pattern matching in C#

Pattern Matching in C# 8

C# 7 introduced pattern matching with the extension of the switch statement and the is operator offering the const pattern, the type pattern, and the var pattern. With C# 8 an extension of pattern matching is planned, including the property pattern, the recursive pattern, and a new switch – the switch expression.

With C# 7, pattern matching was introduced in C#. The following sample makes use of pattern matching in the switch statement, and type pattern matches. With the first case, also the when clause is used to filter only shapes where the size of the shape has a minimum height. The second and third cases match shapes with a smaller height, but only objects of type Ellipse and Rectangle. For all the other shapes, the default case is chosen:

static string M1(Shape shape) {

    switch (shape) {

             case Shape s when s.Size.height > 100:

                     return $”large shape with size {s.Size} at position {s.Position}”;               case Ellipse e:

                    return $”Ellipse with size {e.Size} at position {e.Position}”;

             case Rectangle r:

                   return $”Rectangle with size {r.Size} at position {r.Position}”;

           default:

                  return “another shape”;

       }

}

Using the Switch Expression

C# 7 extended the scenarios where you can use expression bodied members. However, as soon as you use the switch statement, the method cannot be implemented using the expression syntax. This changes with the new switch expression.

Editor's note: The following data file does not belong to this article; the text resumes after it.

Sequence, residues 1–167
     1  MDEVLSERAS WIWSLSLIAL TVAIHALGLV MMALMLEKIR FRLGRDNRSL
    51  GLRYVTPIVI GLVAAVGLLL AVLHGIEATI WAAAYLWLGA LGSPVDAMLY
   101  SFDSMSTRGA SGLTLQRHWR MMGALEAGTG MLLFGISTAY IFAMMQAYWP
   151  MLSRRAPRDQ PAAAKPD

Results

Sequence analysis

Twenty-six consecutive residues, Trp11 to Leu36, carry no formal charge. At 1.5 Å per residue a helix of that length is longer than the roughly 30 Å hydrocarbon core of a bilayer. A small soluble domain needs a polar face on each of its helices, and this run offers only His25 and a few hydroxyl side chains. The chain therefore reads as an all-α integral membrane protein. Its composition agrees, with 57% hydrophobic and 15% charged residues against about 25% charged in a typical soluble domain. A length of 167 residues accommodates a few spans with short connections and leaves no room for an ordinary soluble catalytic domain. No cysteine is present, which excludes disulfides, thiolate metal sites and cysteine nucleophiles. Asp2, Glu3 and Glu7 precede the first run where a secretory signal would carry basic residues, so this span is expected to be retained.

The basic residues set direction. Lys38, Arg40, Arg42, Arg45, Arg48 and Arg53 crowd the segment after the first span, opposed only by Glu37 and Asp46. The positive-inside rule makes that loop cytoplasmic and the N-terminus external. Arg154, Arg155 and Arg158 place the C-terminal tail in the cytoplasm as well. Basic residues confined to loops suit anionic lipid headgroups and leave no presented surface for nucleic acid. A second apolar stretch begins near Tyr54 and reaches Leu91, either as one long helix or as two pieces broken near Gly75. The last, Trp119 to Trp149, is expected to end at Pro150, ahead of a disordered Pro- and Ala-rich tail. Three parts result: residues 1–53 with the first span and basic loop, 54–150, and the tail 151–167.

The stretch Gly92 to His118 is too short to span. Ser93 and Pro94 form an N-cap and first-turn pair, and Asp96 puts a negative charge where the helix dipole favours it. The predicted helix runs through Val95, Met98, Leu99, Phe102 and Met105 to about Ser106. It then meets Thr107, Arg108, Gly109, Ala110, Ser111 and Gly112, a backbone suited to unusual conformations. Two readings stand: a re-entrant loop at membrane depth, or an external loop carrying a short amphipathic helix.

The switch expression is simplified compared to the switch statement. First, the order of the switch keyword and the variable used is reversed. Instead of writing switch (shape), you write shape switch. The case keyword is not needed with the new syntax. Every case is decided by a pattern, e.g. the type pattern Ellipse e where the variable e is filled in this case. You can also use the when filter as used in the earlier C# 7 pattern matching sample. This syntax is the same as before. The break keyword is also not needed. The implementation of the case follows the lambda operator. After a comma, the next pattern specifies the next case. The new discard pattern with the _ specifies the default case. This new pattern can also be used with the switch statement used previously in case of default.

What if multiple statements are needed in a single case? You can use local functions in such a scenario.

static string M2(Shape shape) => shape switch

{

Shape s when s.Size.height > 100 => $”large shape with size {s.Size} at position {s.Position}”,

Ellipse e => $”Ellipse with size {e.Size} at position {e.Position}”,

Rectangle r => $”Rectangle with size {r.Size} at position {r.Position}”,

_ => “another shape”

};

C# 7 introduced pattern matching with the type pattern, the const pattern, and the var pattern. C# 8 extends pattern matching with the discard pattern, the property pattern, and the recursive pattern. Patterns that can simplify code written today.

The new switch expression offers a more modern way for switch/case/break, whereas the case and break keywords are no longer needed.

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